The purpose of this brief digression has not been to promote or justify violent behavior amongst protesters. To the contrary, the protests have been remarkable precisely for their peacefulness. On Wednesday, many protesters threw tulips at the feet of Zagreb riot police controlling the event, and chanted “we love you” in a chorus to the officers. Rather, my goal is to stress how the language of moderation, order, progress, culture, and has been at odds with what Asli Bali and Aziz Rana in an article on “The Fake Moderation of America’s Moderate Mideast Allies” for ‘Foreign Policy in Focus’ call “any tangible commitment to actual moderation – understood as an internal project of democratization or political openness.” Since the announcement that there would be protests every other day until the government resigned, the protests have been characterized by the very qualities extolled by moderate pro-Western factions: a dedicated focus on human rights and the right of the majority to choose its elected officials.

These events in Croatia, and reactions to these events highlight what Bali and Rana call “the falseness” of the chaos-order dichotomy as the frame through which we must understand the events in Croatia. The chaos-order dichotomy has been more than complementary to both playing on citizens’ fears of a stumble back to so-called atavistic conflict, as well as the fear that Croatia may never enjoy the ‘stability’ ensured by entry into the geopolitical playground promised by NATO and the EU.
But more than anything, the chaos-order dichotomy has been most crucial for the installation and manufacture of politicians of ‘moderation’ in the years since Dayton. The politicians ‘of moderation’ have effectively, through their installation as the beacons of moderation and as harbingers of European membership, both assured and strengthened their own legitimacy in the eyes of European and “Western” powers. Simultaneously, the legitimacy offered to these politicians of moderation by “Western” powers has discursively prevented critique from a disenfranchised, increasingly impoverished population. Despite their façade of democratization and the discourse of ‘local commitments,’ these political elites have created a state that is extremely corrupt, that can no longer fiscally carry the theft its politicians have orchestrated, and a state apparatus that has placed itself in a class position that the average citizen cannot relate to.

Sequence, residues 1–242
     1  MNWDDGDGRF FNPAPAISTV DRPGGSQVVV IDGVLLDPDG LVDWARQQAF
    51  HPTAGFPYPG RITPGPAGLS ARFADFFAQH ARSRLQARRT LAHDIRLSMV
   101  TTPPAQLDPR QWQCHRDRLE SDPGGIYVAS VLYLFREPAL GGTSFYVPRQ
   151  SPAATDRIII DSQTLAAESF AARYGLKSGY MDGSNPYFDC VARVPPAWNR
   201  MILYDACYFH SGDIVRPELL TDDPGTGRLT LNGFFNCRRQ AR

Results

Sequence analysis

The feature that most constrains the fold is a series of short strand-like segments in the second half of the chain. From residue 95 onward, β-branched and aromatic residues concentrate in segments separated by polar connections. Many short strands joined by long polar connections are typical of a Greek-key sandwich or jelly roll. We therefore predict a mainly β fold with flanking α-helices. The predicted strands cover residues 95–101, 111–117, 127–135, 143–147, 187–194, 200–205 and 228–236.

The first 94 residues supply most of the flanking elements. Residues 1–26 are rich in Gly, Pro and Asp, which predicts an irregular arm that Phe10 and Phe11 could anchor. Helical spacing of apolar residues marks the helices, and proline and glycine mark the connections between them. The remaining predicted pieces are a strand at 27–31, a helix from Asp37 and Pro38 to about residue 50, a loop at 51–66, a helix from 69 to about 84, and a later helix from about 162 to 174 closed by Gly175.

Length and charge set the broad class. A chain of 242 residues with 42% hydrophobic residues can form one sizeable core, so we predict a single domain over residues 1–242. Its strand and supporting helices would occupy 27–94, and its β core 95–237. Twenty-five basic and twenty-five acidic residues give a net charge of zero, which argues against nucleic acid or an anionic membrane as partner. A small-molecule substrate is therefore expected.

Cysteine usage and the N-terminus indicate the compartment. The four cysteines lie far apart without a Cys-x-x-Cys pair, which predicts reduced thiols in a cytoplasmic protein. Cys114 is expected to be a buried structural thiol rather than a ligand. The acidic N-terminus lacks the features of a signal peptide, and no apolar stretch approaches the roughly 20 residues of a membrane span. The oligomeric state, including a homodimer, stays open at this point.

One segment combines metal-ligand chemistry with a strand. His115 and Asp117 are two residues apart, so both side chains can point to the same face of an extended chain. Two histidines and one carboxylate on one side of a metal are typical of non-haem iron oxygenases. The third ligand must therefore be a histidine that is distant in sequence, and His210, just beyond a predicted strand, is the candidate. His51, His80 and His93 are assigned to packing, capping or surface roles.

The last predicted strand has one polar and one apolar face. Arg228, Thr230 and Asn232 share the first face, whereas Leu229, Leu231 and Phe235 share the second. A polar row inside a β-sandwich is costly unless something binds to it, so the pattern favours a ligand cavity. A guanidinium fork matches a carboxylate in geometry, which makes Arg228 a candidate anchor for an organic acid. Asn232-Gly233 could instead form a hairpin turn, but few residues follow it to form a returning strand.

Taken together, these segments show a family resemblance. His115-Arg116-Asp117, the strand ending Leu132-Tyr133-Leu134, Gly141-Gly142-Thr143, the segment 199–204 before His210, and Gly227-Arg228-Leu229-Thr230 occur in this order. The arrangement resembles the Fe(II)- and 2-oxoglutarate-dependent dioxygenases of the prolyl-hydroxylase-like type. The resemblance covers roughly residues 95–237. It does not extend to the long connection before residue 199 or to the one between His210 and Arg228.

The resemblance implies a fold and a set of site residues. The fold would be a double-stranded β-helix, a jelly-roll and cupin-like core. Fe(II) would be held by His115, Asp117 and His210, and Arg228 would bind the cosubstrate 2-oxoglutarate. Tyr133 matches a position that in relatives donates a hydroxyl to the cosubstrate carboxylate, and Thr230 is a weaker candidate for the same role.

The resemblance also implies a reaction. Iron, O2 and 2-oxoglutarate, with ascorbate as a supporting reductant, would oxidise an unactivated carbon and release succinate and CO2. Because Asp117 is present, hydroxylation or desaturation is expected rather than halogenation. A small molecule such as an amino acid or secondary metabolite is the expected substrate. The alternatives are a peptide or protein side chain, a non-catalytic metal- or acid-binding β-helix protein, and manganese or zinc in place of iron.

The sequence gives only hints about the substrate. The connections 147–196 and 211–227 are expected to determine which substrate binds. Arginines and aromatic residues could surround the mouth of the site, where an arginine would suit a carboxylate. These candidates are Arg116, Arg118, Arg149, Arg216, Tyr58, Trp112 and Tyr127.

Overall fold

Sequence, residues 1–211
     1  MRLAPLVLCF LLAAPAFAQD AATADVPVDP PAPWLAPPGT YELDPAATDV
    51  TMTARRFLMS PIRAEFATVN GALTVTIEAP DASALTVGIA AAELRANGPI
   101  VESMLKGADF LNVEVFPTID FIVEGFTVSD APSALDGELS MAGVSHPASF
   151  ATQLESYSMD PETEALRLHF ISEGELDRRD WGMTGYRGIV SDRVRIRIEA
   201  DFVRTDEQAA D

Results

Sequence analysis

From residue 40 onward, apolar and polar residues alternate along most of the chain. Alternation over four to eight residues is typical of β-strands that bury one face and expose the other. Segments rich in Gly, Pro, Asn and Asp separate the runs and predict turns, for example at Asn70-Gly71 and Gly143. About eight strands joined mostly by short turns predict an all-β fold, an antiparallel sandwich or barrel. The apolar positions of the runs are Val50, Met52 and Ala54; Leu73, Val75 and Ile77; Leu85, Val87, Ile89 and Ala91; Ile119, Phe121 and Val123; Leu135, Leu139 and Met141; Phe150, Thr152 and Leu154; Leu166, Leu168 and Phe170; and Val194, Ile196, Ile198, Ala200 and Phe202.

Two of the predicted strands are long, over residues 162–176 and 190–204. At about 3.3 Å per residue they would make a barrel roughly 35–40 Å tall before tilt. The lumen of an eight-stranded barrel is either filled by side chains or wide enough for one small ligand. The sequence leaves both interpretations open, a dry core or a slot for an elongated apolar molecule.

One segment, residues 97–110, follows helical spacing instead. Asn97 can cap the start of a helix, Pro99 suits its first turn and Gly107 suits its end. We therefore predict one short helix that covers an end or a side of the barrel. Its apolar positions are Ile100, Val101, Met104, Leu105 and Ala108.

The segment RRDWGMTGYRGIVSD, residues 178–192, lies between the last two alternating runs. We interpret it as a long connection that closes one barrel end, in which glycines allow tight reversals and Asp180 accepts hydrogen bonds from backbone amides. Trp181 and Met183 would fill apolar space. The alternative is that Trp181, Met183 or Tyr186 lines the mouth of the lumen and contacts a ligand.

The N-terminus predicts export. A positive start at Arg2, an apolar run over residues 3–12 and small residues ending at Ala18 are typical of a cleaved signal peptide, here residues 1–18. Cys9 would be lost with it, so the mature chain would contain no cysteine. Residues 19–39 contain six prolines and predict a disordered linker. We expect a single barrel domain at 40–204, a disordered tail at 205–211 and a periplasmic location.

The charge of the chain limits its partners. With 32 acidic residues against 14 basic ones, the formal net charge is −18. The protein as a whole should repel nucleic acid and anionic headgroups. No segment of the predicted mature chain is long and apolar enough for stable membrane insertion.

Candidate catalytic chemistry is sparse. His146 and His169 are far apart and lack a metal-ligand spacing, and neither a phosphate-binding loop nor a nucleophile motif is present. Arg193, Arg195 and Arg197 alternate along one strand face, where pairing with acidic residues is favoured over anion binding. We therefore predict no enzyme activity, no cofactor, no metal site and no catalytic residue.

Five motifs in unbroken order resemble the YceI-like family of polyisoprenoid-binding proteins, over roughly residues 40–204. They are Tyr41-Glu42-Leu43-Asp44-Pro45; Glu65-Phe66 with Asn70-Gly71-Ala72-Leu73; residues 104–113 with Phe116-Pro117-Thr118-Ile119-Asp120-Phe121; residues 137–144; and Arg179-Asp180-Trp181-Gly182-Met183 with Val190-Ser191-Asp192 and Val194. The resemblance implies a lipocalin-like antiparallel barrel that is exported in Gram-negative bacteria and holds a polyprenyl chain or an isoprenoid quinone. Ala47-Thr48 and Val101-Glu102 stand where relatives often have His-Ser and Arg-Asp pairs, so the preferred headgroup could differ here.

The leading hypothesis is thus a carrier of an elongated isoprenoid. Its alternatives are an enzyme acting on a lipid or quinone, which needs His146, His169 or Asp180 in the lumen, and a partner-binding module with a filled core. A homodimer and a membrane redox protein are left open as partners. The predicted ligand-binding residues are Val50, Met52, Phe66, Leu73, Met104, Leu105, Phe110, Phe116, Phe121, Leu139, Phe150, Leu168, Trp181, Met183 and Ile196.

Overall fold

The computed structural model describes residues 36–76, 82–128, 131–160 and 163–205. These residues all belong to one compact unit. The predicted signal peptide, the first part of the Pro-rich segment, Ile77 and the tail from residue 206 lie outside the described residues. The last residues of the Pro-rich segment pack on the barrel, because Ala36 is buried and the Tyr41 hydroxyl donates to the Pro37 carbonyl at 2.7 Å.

The burning of the EU flag that took place on Wednesday night might then be read also as citizens taking a stand against the legitimacy of domestic politicians who have narrativized the EU ascension process, and who, for most of Croatia’s citizens, represent European legitimacy in the Croatian public sphere.

What brings together the Croatian case with other protests in the Middle East region might best be summarized not by the transition from ‘autocracy’ to ‘democracy’ nor by the transition from ‘socialism’ to ‘capitalism.’ Rather, Croatia, along with the other Yugoslav states, has been, in the past 20 years characterized by the transition from decades of non-aligned policies and politics to the current ‘interventionist’ world order, where local rulers rule longest (and with most legitimacy) if they tow the dominant (whether it be Europeanist or Americanist) geopolitical line. The air of moderation and rhetorical talent of most of these leaders has for years masked the pillage of national treasures, treasuries’ reserves, natural resources, industry and individual citizens’ lives.